Knight Center
Knight Center


Journalists’ beginner guide to coding

As the news industry continues to adapt, journalists are asked to expand their skills beyond sleuthing and writing and into programming. The romantic ideal of the hacker journalist finding the signal in the noise of the incredible amounts of data generated everyday has become one of the most intriguing developments in journalism in recent years.

Lots of journalists start out with hopes of creating the next Homicide Watch or Dollars for Docs but learning to code takes time and effort and many would-be hackers burn out quick, as Digg’s Jake Levin pointed out in a blog post earlier this spring. In fact, there are a surprisingly high number of articles dedicated to dissuading journalists from learning to code, despite calls for greater technical skills and specialization.

The most important thing many data journalism experts say is to remember it’s about telling the story first. Levin pointed out that actually building something first is a more valuable learning tool—and more fun—than programming for programming’s sake. Start with a specific project in mind and go from there.

Back to Basics

Check out this video tutorial on using spreadsheets in your reporting from the Steve Doig at the International Journalism Festival.

While the results are sexy, the process of coding isn't. Fortunately, one of the most basic data journalism tools is the lowly spreadsheet. Experts interviewed for the Data Journalism Handbook routinely listed Excel and Google Spreadsheets as some of the most commonly used tools in their daily operations. Microsoft Excel, for example, can handle files with up to 1 million rows and 16,000 columns so don’t doubt its ability to contribute to the heavy lifting on the data side of your story.

First steps

Once you’re familiar with spreadsheets there are lots of directions you can take your data-driven project without having to write any code. Google Fusion Tables lets you merge two spreadsheets or CSV files to visualize data in charts, graphs and even interactive maps. While it’s still in beta, Google Fusion Tables are regularly used by big names like the Guardian Data Blog for their visualizations.

Check out this run down of infographic and data visualization tools from the Knight Center for Journalism in the Americas if you’re interested in exploring this less code-happy side of data journalism.

You can also start exploring web scraping without a deep coding knowledge. Web scraping lets you glean information from websites with a certain amount of automation (in other words, not having to copy/paste every little thing you’re looking for). ProPublica assembled a ScraperWiki that has great resources for how beginners can start to scrape website and databases for information for their stories. A free web application for Chrome called Table Capture lets you quickly copy tables from websites and paste them into another spreadsheet. The Knight Center also assembled a collection of data scraping tools to unlock data trapped in PDF files.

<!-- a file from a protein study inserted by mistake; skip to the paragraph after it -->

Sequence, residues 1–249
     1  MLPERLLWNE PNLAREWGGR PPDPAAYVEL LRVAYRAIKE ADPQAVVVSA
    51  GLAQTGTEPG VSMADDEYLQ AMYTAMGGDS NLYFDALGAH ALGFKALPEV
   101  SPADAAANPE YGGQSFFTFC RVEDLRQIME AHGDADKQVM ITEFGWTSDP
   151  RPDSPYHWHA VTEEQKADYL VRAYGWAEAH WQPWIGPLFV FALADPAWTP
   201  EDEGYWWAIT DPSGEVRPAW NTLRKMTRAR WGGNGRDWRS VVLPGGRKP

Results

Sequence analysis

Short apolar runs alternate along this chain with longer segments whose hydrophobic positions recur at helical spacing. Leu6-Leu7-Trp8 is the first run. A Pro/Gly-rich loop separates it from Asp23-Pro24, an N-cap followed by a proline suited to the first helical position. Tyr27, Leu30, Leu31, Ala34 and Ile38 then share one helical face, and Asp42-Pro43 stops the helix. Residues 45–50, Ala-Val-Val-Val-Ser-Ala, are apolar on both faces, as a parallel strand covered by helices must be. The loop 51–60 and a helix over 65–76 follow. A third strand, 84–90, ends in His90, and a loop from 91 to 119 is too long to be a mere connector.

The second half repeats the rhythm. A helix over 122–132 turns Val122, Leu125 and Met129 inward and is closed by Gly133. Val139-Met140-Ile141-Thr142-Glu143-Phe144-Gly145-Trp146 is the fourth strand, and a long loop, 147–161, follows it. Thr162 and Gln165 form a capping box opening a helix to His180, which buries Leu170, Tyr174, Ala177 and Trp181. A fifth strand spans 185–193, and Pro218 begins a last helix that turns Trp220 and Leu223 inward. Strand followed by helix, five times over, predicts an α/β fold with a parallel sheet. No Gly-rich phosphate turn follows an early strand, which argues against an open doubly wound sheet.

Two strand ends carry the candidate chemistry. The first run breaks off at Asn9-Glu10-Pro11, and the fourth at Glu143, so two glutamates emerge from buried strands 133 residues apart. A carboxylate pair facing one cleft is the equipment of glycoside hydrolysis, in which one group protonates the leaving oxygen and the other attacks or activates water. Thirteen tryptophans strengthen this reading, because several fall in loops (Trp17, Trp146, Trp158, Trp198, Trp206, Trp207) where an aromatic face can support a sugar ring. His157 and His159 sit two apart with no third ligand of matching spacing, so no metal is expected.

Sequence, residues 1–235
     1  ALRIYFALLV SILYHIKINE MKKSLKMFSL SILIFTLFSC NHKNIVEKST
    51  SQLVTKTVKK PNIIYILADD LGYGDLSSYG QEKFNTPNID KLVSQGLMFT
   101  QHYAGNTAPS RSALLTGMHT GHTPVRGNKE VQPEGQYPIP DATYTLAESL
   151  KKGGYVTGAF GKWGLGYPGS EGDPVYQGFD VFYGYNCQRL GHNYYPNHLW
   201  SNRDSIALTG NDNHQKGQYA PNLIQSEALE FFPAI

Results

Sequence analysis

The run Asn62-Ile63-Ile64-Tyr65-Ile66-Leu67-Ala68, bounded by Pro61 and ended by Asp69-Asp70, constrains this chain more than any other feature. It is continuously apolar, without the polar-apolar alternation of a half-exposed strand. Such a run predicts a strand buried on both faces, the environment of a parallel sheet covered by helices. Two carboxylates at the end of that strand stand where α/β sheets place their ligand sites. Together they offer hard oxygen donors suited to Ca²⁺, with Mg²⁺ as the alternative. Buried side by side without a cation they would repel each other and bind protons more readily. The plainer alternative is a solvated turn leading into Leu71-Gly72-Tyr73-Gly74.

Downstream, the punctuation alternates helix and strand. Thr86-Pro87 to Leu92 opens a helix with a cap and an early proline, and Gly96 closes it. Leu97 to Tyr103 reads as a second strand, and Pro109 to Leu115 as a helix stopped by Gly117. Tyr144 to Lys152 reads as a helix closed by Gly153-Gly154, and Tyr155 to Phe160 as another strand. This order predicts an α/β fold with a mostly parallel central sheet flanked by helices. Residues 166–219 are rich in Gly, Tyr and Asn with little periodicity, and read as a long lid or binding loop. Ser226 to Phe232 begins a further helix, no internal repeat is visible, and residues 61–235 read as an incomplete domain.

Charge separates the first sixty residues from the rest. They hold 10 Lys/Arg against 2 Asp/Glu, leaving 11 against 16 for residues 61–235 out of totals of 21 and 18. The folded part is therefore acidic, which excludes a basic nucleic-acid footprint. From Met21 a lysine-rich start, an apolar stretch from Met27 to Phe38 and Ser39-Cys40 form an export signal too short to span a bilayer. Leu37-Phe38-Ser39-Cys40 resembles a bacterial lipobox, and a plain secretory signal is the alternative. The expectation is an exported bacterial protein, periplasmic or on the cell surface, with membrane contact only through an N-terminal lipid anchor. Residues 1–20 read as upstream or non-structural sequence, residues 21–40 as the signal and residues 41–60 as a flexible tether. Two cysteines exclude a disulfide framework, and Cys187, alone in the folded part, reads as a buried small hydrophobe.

Working with multiple spreadsheets you may have already run into one of the most time consuming aspects of data journalism—cleaning up messy data. Google Refine is another free program that unifies nomenclature across multiple spreadsheets. ProPublica also weighs in with their own advice on how to use Refine to clean up your datasets.

HTML, CSS and JavaScript

At some point, you’re going to have to actually learn some code. Remember Levin’s advice, building something can be the best way to learn. Create your own blog with WordPress or another service and get a feel for the HTML code as you customize it. Codeacademy is one of the most popular free online tutorials for learning to code JavaScript, HTML, CSS and other programming languages. Tuts+ also offers a free 30-day course on HTML and CSS

Since coding is so time consuming, there are lots of resources out there to help you avoid having to re-invent the wheel. Check out resources like jQuery to get access to interactive features for your blog or website.

Code Editors

If you’re ready to dive into something deeper, the first thing you’ll need is a code editor. NotePad++ is a free option for PC users and TextMate offers a free trial version for Mac users. Sublime Text is another recommended code editor for both Mac and PC.

Scripting Languages and Web Frameworks

Scripting languages make up the architecture behind news applications. Two of the leading ones in journalism are Ruby and Python. Web frameworks are used with these scripts to ease the coding process to access and manipulate data. Ruby developers use Ruby on Rails and Django for Python. Hackety Hack and offer Ruby tutorials and exercises. Google offers a Python class and The Django Book is a free e-book introduction to Python-based programming.  

Join a club

Finally, look for a professional organization that can connect you with other would-be coders. Hacks/Hackers organizes meet ups all over the world for developers, journalists and designers. 


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